A Philanthropic Leader's Parting Advice to Congress
Rob Collier has long been one of the most respected voices in philanthropy.
The president of the Council of Michigan Foundations has been an especially prominent advocate for community foundations, which collectively grant hundreds of millions of dollars to Michigan charities each year.
At the end of the year, Collier will retire — but not before sending a strong message about the importance of donor-advised funds.
In recent interview with Crain’s Detroit Business, Collier says the rapid growth of donor-advised funds is helping to get more money into communities — and cautions against creating new rules that would curtail giving.
“Payouts by donor-advised funds are much higher than foundations. They average payout of 12-18 percent, versus a 5 percent payout requirement for private foundations,” Collier said in the interview. “What we're saying is we've got to collect data and make sure that the Treasury and Congress understand that donor-advised funds are in fact paying out well in excess of what they should and are making a difference.”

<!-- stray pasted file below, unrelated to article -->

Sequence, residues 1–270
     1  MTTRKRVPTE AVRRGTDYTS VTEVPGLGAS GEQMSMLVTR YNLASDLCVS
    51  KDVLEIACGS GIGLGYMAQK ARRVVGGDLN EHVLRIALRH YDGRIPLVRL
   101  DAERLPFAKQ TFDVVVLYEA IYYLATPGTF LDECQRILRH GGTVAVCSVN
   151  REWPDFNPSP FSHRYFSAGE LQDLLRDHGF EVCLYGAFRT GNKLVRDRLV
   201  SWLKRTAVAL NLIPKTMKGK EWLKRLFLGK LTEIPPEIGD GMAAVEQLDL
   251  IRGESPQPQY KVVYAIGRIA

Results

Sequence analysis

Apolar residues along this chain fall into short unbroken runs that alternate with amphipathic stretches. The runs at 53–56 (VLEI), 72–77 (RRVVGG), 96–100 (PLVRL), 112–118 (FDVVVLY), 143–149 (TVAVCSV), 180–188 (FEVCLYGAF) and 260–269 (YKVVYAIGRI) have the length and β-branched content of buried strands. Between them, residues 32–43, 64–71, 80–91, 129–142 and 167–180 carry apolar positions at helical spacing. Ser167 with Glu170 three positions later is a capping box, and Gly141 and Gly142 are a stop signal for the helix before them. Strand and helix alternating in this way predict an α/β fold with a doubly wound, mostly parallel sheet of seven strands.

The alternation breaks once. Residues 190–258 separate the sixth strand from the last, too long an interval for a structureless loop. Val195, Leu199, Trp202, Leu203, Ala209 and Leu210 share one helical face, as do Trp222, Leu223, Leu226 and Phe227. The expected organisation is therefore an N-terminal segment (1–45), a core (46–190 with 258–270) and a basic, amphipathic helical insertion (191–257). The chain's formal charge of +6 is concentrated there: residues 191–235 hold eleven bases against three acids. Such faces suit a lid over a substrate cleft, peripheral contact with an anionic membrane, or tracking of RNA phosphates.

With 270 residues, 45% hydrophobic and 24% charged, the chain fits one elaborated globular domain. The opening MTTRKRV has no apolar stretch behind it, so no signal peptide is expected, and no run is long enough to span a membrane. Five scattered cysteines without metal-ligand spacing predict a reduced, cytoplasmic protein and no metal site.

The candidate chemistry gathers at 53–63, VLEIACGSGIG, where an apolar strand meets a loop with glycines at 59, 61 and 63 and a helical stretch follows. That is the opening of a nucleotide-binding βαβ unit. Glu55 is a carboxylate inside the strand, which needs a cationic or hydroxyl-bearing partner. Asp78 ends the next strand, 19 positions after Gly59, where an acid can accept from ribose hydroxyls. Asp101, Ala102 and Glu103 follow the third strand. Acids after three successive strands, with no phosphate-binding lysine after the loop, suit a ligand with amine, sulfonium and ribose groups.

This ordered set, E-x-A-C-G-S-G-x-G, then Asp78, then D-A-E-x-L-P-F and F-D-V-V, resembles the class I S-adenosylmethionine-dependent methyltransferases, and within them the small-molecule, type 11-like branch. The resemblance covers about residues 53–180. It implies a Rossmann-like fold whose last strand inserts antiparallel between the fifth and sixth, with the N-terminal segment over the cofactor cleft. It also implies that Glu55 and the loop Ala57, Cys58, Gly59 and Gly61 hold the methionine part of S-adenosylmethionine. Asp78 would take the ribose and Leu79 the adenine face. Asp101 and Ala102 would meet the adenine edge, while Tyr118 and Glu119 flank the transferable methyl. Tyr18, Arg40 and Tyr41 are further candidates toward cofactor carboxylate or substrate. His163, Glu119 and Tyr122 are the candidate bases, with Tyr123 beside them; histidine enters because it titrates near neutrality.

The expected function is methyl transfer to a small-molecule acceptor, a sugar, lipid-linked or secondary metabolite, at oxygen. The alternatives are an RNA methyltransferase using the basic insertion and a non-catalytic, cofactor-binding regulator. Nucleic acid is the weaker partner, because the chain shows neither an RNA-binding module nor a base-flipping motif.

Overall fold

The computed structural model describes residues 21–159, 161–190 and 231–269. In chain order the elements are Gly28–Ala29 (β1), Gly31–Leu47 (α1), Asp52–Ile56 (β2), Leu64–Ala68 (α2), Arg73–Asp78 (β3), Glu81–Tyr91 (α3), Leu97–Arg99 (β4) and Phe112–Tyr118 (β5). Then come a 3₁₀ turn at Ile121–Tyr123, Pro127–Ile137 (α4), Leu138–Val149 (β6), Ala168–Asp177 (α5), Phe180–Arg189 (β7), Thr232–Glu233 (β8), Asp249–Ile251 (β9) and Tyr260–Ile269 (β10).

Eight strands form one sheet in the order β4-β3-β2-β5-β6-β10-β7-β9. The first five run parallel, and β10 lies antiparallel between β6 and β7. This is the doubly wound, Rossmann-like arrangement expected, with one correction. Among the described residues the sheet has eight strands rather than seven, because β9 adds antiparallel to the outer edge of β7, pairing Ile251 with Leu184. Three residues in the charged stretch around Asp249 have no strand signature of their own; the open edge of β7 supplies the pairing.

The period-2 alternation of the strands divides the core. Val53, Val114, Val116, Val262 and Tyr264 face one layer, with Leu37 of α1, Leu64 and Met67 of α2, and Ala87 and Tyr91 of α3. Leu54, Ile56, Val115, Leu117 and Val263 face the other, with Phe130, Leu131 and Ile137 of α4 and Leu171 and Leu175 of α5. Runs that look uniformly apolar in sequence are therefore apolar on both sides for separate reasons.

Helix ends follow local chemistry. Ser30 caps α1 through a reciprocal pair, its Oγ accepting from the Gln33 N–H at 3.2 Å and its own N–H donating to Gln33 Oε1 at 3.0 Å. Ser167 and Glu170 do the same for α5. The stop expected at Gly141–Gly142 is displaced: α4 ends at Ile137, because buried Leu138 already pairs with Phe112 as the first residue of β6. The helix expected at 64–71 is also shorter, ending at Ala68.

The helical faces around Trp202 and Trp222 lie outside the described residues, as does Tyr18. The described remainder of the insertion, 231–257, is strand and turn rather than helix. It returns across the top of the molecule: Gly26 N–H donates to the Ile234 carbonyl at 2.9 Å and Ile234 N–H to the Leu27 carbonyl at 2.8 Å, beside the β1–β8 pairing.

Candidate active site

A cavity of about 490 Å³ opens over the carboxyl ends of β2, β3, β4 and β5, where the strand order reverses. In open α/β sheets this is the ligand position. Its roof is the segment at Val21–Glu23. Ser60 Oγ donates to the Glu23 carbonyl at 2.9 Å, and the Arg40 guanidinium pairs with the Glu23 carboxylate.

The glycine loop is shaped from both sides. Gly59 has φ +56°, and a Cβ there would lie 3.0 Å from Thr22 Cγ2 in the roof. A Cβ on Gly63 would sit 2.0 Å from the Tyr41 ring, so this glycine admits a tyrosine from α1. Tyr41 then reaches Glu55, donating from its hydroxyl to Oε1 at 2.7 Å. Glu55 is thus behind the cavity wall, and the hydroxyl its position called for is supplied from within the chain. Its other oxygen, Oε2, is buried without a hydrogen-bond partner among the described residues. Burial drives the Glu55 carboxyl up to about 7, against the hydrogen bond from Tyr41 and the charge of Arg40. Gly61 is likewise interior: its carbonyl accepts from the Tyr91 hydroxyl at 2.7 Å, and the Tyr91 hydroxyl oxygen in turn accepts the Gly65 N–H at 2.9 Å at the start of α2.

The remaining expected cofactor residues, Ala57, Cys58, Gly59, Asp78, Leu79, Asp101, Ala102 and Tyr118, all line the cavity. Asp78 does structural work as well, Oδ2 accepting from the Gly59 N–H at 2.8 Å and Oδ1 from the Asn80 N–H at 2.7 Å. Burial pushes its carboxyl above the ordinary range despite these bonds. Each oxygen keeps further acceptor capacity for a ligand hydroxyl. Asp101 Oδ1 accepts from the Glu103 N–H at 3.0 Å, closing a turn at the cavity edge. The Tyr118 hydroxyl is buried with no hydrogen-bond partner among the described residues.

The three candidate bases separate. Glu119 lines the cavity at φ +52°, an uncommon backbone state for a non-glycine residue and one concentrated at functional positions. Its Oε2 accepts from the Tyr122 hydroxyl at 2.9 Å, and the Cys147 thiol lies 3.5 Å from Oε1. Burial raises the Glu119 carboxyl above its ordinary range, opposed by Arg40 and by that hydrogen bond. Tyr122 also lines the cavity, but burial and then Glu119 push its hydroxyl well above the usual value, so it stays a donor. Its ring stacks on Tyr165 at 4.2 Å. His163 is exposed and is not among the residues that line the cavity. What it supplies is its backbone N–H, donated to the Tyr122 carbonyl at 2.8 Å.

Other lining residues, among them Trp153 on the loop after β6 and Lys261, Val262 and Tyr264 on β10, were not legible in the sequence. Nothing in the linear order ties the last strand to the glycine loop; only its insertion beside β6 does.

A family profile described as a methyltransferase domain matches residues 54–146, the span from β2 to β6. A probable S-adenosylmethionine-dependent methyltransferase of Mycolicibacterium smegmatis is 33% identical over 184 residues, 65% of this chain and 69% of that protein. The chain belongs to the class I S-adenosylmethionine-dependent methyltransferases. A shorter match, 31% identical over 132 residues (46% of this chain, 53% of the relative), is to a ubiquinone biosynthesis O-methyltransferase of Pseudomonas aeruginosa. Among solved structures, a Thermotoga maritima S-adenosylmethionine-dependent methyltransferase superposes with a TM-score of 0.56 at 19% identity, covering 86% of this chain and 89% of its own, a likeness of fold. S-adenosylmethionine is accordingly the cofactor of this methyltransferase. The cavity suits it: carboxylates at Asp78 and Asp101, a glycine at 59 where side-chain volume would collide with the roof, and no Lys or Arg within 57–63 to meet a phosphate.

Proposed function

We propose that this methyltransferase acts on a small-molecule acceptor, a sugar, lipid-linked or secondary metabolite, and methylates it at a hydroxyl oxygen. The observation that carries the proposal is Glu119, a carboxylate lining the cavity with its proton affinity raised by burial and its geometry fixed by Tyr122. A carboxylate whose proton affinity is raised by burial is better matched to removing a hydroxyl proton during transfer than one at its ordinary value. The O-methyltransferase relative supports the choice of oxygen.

But while more data is needed, Collier notes that lawmakers need to be careful not to put too much of a burden on community foundations.
“For community foundations to have to start tracking payout on every single donor-advised fund, we don't have software systems to do that,” Collier said. “At a time of great need for charities, to require foundations to spend more money on administrative reporting, in the long run, it reduces impact on charitable needs. The phrase I've been told is donor-advised funds are essentially warehousing wealth. We have to show them they're a great way to respond to community needs like flooding, hurricanes and fires.”